Understanding ‘big feelings’ and navigating family contact are the themes behind two new books for children and young people in care.
My Family Time is Mine and Roar were both written by care leavers – Bobby Hendry and Billy Black – to help children and young people understand their feelings and behaviours.
Developed by the Research Centre for Children and Families as part of the ARC Linkage Project Fostering Lifelong Connections for Children in Permanent Care, Billy and Bobby bring their own personal experiences to explore how trauma can intensify our emotions and provide practical ways to manage these feelings.
My Family Time is Mine written by Bobby Hendry is a simple self-help guide for young people in out-of-home care around family contact, including their rights about seeing their family and how trauma affects the brain and their emotions in stressful times.
The book includes practical tips young people can incorporate into their lives, particularly before and after family contact, to help regulate their emotions and better communicate with the adults around them about their feelings and what they need/want.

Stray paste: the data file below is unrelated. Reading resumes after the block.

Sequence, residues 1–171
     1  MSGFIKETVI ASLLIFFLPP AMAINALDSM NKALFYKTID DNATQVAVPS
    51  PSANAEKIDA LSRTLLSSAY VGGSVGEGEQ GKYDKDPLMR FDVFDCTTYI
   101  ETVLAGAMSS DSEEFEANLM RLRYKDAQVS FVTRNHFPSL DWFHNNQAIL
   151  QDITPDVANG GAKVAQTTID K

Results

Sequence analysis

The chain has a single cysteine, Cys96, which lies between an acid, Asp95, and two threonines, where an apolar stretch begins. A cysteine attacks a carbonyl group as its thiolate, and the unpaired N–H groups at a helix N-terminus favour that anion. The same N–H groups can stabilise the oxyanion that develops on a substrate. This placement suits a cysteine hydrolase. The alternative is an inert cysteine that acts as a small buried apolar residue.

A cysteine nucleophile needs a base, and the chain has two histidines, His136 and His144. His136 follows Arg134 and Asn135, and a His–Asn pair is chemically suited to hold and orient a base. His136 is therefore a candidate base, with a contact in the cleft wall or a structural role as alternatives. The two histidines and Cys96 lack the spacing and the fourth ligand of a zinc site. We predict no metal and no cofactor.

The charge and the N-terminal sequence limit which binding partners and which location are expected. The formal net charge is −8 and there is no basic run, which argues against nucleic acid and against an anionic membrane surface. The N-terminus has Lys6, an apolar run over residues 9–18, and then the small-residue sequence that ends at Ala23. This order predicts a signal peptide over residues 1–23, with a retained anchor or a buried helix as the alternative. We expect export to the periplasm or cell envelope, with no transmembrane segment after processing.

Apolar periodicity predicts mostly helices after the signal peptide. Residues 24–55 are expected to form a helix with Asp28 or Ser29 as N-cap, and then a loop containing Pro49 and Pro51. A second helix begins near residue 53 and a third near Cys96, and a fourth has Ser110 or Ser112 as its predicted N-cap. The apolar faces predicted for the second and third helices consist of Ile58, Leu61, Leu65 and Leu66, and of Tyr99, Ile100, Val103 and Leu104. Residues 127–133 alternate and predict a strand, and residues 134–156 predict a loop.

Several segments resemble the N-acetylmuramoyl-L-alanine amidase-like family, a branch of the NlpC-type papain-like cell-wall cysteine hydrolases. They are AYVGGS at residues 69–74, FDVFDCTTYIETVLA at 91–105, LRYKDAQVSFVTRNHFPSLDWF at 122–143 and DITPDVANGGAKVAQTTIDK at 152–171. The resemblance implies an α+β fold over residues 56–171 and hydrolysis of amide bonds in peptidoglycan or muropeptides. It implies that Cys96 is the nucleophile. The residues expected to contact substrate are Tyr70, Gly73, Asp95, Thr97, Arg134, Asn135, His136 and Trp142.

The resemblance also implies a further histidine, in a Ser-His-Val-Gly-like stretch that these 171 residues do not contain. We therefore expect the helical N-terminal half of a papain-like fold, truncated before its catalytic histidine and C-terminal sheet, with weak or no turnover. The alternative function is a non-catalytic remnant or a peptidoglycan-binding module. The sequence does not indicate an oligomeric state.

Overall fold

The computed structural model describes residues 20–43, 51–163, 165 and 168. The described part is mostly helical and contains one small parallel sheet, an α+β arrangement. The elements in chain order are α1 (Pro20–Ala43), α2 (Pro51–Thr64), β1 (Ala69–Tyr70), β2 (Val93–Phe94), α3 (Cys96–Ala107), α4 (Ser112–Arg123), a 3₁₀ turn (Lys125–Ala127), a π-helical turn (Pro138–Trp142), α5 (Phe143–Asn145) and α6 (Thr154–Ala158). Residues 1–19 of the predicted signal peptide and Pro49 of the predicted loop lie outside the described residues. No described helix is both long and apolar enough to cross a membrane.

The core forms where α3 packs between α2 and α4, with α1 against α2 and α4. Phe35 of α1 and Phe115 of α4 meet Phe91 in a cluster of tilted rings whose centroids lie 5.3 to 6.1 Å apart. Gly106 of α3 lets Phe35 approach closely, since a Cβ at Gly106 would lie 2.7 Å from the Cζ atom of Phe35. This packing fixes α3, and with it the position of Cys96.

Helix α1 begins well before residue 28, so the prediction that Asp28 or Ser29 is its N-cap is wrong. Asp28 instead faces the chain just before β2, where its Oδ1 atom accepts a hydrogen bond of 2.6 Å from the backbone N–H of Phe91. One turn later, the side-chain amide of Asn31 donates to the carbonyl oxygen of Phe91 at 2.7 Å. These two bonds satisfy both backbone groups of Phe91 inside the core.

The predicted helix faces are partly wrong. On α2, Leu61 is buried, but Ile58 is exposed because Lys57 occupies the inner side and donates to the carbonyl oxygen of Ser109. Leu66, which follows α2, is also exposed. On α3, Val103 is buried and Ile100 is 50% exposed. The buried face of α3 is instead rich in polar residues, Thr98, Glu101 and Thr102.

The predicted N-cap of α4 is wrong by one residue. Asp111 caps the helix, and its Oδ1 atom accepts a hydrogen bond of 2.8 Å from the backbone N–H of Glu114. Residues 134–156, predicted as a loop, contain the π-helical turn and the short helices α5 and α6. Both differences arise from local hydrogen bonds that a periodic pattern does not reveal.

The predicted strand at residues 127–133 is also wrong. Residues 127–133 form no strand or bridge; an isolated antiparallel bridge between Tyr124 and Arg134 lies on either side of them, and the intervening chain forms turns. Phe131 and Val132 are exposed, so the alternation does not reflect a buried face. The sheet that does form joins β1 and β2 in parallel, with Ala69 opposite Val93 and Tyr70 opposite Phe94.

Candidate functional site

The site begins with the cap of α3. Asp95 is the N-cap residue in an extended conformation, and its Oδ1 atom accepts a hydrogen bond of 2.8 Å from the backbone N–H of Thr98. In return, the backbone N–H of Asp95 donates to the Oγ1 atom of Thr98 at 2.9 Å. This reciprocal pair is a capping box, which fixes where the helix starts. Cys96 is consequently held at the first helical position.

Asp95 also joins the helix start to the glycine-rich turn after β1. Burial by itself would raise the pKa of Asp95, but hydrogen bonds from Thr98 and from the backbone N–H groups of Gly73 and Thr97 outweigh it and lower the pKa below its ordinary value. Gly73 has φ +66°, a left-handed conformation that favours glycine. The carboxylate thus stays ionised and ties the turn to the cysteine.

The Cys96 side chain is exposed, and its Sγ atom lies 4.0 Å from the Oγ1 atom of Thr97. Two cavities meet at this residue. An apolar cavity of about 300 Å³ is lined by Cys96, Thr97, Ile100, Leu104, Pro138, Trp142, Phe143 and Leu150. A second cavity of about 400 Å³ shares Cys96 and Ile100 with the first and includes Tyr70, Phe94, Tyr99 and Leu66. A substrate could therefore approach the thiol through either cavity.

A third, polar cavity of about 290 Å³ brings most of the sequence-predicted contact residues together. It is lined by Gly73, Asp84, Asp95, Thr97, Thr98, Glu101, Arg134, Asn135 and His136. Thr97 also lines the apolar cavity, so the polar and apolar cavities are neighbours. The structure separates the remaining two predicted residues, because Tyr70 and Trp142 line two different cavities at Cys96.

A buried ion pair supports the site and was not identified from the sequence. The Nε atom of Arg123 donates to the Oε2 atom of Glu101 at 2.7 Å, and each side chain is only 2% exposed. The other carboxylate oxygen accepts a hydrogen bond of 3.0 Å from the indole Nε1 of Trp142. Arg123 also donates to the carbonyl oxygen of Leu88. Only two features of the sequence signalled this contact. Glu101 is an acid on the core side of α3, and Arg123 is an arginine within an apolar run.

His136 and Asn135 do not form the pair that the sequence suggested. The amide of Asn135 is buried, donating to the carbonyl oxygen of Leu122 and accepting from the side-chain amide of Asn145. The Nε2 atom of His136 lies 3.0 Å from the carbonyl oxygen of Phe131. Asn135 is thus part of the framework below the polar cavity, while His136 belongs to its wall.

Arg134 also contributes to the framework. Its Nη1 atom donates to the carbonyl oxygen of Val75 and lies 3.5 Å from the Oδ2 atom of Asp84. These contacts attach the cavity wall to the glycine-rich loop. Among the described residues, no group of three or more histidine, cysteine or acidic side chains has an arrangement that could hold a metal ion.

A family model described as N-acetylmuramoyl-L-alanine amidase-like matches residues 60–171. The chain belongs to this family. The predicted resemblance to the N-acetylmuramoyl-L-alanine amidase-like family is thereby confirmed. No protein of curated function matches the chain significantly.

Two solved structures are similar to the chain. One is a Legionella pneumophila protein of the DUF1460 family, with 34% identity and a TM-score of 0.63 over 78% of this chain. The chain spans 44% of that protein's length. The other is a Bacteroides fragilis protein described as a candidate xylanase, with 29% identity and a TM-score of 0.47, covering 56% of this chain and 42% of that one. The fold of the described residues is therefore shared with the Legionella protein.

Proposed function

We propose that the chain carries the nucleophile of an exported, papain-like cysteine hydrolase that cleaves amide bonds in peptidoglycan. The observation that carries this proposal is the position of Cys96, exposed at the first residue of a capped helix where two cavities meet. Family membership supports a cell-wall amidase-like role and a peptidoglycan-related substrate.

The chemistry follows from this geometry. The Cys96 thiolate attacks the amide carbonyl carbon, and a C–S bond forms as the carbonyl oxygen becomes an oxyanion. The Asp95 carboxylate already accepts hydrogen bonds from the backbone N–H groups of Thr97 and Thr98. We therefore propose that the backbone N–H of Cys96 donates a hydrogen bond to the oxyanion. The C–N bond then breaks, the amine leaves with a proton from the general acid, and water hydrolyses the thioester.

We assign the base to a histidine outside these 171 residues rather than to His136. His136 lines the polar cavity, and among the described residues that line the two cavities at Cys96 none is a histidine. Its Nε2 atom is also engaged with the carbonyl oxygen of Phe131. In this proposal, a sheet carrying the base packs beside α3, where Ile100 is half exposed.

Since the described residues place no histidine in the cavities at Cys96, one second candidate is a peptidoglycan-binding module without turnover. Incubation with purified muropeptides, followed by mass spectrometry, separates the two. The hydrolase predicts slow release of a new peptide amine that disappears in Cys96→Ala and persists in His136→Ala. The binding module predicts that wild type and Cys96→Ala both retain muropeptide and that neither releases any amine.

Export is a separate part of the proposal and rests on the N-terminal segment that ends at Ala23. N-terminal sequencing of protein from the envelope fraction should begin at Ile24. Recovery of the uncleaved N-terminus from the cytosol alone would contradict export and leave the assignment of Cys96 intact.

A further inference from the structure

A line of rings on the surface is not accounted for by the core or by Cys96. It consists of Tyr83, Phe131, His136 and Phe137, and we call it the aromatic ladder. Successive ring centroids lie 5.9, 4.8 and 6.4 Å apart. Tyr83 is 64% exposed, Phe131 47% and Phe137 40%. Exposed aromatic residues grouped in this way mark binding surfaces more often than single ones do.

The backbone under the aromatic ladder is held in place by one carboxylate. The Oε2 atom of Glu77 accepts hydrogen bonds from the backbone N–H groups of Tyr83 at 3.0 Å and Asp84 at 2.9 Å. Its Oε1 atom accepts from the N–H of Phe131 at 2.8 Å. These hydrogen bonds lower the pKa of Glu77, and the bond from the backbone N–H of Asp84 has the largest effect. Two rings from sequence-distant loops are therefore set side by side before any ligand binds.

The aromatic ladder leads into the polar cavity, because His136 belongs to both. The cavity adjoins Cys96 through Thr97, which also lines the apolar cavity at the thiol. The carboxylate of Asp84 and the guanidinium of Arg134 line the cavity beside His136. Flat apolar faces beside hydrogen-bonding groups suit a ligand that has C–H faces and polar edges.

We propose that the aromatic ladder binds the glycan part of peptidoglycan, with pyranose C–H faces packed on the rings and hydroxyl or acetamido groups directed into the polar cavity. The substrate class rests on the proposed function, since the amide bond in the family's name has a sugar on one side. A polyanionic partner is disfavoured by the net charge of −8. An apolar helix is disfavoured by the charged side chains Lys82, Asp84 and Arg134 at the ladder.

Billy Black’s Roar is a picture book for pre-school aged children in out-of-home care. It depicts a lion cub who has big emotions when he spends time with his father and how a gorilla carer and bear caseworker help him understand these emotions and find ways to regulate and enjoy the time he and his father have together.
Billy has also created an adult’s guide to Roar to help carers and workers guide discussions with the child and young person about their feelings and the themes that appear throughout the book.
“In Roar, I hope to provide adults with a resource for talking to children in care about the difficulties they face, navigating their family identities, emotional regulation, and the intense reactions they have… [children and young people] don’t choose to be “bad”, it happens when their brain gets too many big feelings.”
Billy hopes her book is an important step towards understanding and security for children in care.
“Our brave children can instinctively roar when they’re facing something tough. When adults find roars frustrating, it’s more effective to focus on making little lions feel loved and safe and powerful, rather than trying to teach a lion not to roar. I hope this book can help children in care remind their adults to focus on their love and safety and empowerment, to move towards the rich quality of care children deserve,” Billy said
Both books can be read online or purchased as a hardcopy (see links below).